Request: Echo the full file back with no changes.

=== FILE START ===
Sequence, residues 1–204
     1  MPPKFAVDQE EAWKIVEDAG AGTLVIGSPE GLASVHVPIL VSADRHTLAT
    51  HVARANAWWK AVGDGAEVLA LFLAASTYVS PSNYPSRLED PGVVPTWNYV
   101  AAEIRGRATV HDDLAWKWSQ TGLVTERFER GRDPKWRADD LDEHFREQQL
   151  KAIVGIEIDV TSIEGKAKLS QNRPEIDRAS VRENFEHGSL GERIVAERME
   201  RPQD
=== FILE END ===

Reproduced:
Sequence, residues 1–204
     1  MPPKFAVDQE EAWKIVEDAG AGTLVIGSPE GLASVHVPIL VSADRHTLAT
    51  HVARANAWWK AVGDGAEVLA LFLAASTYVS PSNYPSRLED PGVVPTWNYV
   101  AAEIRGRATV HDDLAWKWSQ TGLVTERFER GRDPKWRADD LDEHFREQQL
   151  KAIVGIEIDV TSIEGKAKLS QNRPEIDRAS VRENFEHGSL GERIVAERME
   201  RPQD